Strategic positioning: Can the professions constantly innovate?

Posted on: October 6, 2013

At the recent Professional Marketing Forum conference  there were a number of sessions where the topic of strategic positioning arose.

At an early point in the proceedings, Simon Slater talked about competitive positioning strategy. He mentioned Rita McGrath’s book “The end of competitive advantage” who argued that “strategy is stuck”. Developing themes from Michael Porter, she argued that we now need to think about transient competitive advantage. In future, we should manage the evolution of a new position or market or product/service as if we were managing a wave: land, ramp up, exploitation, reconfigure and disengage.

Key processes and competencies will be organisational agility to spot opportunities and move quickly. To learn how to invent and exploit new cash cows. And to close down products and services when they no longer provide value to the organisation or the market. There was a veiled warning that the drivers of sustainability and stability will act as inhibitors to this new approach.

The underlying similarity to the product life cycle and the dissemination of innovation (remember the innovators, early adopters, late adopters, the majority and the laggards model?) was striking and therefore will appeal to those who studied such concepts in their professional marketing qualifications.

But in terms of the professional services sector I fear that his message may fall on deaf ears. For a long time I have urged firms to consider their processes for listening to the markets, to innovating new products and services, their research and development (R&D) systems and to challenge convention by striking out rather than simply following the competitive crowd. I fear that professional service firms struggle with adopting any major change so the concept of continuous reconfiguration stands little chance. I particularly liked Simon’s choice of the following quote which encapsulates my concern: “Culture eats strategy for lunch” (Peter Drucker).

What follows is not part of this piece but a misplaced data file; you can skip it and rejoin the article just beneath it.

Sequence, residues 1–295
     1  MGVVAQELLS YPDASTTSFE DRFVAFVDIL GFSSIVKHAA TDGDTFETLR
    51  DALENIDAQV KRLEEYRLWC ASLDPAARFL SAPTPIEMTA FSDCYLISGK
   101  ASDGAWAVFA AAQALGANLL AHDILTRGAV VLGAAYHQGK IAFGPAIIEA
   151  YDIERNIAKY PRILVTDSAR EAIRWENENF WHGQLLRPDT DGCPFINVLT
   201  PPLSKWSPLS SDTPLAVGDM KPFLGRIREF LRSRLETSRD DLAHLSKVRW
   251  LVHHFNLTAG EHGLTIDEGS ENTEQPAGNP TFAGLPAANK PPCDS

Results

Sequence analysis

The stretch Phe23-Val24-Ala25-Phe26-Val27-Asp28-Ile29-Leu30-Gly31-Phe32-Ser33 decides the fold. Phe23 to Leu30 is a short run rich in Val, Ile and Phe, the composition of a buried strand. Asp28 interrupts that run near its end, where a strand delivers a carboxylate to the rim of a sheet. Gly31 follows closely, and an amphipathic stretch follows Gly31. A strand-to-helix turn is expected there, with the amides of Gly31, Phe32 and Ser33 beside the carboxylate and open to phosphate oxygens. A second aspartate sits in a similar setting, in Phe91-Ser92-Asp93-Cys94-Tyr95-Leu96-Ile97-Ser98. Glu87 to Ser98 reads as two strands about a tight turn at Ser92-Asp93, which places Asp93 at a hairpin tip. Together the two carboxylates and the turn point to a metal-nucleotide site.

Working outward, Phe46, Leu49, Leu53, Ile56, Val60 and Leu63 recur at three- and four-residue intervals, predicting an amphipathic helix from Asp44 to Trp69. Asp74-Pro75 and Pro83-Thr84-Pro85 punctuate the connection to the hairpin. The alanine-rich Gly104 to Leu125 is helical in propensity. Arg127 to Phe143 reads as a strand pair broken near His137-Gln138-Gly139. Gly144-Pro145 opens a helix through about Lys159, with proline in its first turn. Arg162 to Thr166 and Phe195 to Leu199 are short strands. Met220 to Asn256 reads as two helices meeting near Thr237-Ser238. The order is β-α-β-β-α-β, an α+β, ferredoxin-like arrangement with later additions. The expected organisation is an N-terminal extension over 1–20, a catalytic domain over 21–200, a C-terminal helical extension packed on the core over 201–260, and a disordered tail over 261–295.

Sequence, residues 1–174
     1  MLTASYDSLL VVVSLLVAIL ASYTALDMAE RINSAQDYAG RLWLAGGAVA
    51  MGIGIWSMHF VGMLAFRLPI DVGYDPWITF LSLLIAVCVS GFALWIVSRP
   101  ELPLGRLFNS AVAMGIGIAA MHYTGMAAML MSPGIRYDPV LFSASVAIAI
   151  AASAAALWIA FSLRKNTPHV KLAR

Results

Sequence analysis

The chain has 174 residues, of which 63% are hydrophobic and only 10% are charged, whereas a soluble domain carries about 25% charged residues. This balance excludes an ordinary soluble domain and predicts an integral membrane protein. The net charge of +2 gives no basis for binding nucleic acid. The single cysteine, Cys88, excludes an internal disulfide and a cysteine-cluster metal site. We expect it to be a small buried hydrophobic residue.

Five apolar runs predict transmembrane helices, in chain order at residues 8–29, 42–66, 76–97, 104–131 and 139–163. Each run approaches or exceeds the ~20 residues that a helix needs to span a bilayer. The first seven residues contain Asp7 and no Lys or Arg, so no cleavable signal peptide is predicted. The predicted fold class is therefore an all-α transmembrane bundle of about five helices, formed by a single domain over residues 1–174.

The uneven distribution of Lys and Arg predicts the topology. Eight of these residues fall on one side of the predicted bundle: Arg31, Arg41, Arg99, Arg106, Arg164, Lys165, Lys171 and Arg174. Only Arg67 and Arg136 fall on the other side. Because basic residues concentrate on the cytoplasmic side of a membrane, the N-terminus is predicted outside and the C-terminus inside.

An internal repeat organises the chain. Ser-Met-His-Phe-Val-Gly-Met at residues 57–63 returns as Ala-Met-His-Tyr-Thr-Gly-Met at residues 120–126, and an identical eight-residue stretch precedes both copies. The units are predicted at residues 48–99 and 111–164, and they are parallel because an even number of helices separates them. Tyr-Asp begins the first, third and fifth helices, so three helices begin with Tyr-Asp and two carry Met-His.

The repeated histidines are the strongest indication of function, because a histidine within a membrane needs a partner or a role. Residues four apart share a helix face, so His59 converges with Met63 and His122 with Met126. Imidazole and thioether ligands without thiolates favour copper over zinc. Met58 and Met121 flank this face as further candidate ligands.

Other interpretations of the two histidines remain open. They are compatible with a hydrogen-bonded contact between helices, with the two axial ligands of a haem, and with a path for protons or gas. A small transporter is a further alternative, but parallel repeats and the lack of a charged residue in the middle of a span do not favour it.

However, Simon’s 12 step approach will prove useful to professional firms:

  1. Understand your competitive strategic positioning
  2. Respond more quickly to Michael Porter’s five competitive forces
  3. Spot and create clusters and arenas of the future
  4. Recognise shared values and social consensus
  5. Follow the wave of clients – and reconfigure service offerings
  6. Get better at your core competencies for changing
  7. Decentralise
  8. Disengage from declining products/markets early
  9. Get faster at reconfiguring your organisation
  10. Become more agile and creative
  11. Create new arenas (markets)
  12. Develop a new leadership and culture

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